1. Thanks Bill. I agree there are some limitations in the taste profile of a light lager, but it’s nicely done for what it is. Sometimes 96 calories and 3.2% abv are what you need.

  2. I think when it comes to beer everybody should try different styles to enjoy all of its goodness!
    Right now there is IPA flood everywhere, so it’s good to know that there is a good lager also coming! Especially when it have a taste. We just hope that this can bring more people to enjoy good tastes of beer, because where we’re living right now, most of the people don’t even know or care (yet) what is ipa, apa etc. We hope to change that 🙂
    Good to read this post, hoping to see another ones like that!
    Good luck to Fred and Zach. Waiting it to our far-far Island also!

    1. I’m pretty sure that the rate of 15 cans per minute is accurate (the manufacturer webpage says that they make systems capable of 15, 30 and 60 cans per minute). I’m not sure of the full details of the canning operation, but I think one person has to keep the supply of cans coming, another is probably involved in some aspect of controlling the filling, and another two gathering up the cans and putting the six pack rings on. At a rate of 2.5 six packs per minute it’s probably not that easy to keep up. Fred did mention that everytime you stop it wastes about 30 cans worth of beer so they presumably do it continuously for hours at a time. Maybe someone from Actual will chime in with a more knowledgeable description of the process.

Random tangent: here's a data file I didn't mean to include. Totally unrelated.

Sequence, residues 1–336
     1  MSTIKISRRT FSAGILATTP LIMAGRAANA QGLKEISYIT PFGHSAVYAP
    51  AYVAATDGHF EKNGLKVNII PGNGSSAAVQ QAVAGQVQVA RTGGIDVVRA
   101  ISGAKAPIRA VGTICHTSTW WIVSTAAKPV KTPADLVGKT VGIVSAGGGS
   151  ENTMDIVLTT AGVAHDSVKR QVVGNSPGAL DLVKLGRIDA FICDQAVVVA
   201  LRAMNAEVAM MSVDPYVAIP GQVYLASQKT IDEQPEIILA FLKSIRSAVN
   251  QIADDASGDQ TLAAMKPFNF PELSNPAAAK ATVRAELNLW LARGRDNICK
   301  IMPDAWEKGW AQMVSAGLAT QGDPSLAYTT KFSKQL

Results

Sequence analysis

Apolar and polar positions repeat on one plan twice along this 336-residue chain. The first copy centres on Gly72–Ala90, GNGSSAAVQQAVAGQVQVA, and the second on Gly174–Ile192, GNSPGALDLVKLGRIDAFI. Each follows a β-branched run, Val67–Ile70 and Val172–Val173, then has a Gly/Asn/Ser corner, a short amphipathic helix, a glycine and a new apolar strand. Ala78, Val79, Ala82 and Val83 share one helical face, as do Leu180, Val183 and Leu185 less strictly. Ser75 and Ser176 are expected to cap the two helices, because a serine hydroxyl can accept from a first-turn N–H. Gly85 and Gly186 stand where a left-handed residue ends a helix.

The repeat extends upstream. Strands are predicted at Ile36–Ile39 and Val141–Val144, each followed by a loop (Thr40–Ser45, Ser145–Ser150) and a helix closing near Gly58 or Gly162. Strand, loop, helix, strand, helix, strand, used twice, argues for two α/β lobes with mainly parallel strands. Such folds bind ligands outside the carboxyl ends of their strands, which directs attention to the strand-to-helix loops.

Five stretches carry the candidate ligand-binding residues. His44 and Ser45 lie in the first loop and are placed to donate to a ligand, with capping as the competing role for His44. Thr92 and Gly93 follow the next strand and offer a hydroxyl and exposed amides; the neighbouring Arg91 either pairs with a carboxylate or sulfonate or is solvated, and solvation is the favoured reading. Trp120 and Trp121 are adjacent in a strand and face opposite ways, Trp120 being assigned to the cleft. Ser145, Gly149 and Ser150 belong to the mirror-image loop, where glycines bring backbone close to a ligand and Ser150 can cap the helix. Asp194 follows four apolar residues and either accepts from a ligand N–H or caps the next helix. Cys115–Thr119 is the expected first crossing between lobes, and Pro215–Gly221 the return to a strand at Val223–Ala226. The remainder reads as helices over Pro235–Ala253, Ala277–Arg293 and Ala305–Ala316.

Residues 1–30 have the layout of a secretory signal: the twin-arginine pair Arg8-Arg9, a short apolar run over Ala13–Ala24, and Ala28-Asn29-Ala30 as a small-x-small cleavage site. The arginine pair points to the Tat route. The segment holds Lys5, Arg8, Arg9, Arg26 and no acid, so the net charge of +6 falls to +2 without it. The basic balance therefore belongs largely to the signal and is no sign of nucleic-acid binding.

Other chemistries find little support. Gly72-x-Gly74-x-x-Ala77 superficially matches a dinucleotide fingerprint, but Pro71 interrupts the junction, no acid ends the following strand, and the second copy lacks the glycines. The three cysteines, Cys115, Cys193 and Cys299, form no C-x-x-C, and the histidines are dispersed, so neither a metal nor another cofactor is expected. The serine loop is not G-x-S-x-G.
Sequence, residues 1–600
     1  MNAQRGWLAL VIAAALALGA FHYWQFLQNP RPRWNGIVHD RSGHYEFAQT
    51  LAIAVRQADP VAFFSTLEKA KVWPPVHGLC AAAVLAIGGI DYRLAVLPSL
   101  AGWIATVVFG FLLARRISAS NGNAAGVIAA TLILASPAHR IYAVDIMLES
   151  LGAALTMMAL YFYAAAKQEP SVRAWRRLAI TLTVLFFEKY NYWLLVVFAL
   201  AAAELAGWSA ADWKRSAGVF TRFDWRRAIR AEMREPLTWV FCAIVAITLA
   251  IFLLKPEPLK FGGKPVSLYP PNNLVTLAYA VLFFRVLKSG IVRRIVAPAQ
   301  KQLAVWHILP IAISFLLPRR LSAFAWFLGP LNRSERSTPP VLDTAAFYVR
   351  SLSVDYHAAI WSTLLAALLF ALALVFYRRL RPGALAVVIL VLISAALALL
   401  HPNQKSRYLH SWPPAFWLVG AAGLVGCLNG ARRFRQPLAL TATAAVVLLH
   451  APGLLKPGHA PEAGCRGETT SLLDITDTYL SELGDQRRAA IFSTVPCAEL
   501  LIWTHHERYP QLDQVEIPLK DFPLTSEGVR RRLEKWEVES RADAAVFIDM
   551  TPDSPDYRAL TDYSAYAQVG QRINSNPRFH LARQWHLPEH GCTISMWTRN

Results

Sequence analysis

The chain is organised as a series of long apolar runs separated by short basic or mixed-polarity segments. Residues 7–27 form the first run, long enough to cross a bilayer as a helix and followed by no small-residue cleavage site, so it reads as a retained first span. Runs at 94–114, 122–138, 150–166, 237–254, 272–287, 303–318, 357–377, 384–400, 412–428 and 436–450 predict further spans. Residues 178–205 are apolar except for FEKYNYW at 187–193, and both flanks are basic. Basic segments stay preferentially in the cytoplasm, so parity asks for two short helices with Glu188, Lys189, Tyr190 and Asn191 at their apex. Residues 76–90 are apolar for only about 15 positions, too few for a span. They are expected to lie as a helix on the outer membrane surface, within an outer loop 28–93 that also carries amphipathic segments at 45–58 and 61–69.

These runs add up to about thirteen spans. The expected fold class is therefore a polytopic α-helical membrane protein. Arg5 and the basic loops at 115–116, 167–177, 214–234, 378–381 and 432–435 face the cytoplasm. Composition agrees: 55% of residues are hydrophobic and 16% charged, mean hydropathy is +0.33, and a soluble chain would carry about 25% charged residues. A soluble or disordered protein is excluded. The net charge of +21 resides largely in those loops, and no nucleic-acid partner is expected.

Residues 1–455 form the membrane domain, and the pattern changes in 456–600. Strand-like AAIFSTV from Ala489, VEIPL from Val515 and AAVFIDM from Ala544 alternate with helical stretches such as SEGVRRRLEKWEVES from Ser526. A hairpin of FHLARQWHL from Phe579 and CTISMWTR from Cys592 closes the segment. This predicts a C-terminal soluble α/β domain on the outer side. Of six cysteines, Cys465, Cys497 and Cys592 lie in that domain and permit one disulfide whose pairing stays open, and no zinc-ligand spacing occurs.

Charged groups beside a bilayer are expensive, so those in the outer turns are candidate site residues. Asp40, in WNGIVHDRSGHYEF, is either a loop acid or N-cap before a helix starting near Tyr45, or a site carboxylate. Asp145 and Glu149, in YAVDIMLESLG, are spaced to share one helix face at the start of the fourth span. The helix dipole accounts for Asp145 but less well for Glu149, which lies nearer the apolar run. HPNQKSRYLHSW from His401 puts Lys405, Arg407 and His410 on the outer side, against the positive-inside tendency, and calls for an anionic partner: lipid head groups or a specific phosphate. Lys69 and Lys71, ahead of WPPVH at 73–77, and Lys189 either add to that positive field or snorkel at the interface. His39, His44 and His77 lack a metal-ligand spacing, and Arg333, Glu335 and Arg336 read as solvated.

1. Wow, well that makes your picture of a billion or so cans waiting to be filled all the more impressive! Guess I thought the whole process was a little more automated, but honestly all I know about beer packaging was learned in the opening of Laverne and Shirley.